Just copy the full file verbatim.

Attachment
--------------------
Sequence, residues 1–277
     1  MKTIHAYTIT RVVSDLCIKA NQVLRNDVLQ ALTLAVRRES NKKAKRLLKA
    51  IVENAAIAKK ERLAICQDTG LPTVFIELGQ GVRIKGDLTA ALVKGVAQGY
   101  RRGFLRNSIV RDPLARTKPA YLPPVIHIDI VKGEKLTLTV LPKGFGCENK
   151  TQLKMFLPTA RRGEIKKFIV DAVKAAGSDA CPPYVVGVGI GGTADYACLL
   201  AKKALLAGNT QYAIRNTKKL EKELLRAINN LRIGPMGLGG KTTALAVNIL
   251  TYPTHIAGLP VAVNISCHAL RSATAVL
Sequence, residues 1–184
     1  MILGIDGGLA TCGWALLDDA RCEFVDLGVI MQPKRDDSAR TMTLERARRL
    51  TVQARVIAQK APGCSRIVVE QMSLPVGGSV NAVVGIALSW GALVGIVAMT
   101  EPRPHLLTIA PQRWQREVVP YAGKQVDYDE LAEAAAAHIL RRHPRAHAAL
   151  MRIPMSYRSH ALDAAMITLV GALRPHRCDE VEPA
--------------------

Sequence, residues 1–277
     1  MKTIHAYTIT RVVSDLCIKA NQVLRNDVLQ ALTLAVRRES NKKAKRLLKA
    51  IVENAAIAKK ERLAICQDTG LPTVFIELGQ GVRIKGDLTA ALVKGVAQGY
   101  RRGFLRNSIV RDPLARTKPA YLPPVIHIDI VKGEKLTLTV LPKGFGCENK
   151  TQLKMFLPTA RRGEIKKFIV DAVKAAGSDA CPPYVVGVGI GGTADYACLL
   201  AKKALLAGNT QYAIRNTKKL EKELLRAINN LRIGPMGLGG KTTALAVNIL
   251  TYPTHIAGLP VAVNISCHAL RSATAVL
Sequence, residues 1–184
     1  MILGIDGGLA TCGWALLDDA RCEFVDLGVI MQPKRDDSAR TMTLERARRL
    51  TVQARVIAQK APGCSRIVVE QMSLPVGGSV NAVVGIALSW GALVGIVAMT
   101  EPRPHLLTIA PQRWQREVVP YAGKQVDYDE LAEAAAAHIL RRHPRAHAAL
   151  MRIPMSYRSH ALDAAMITLV GALRPHRCDE VEPA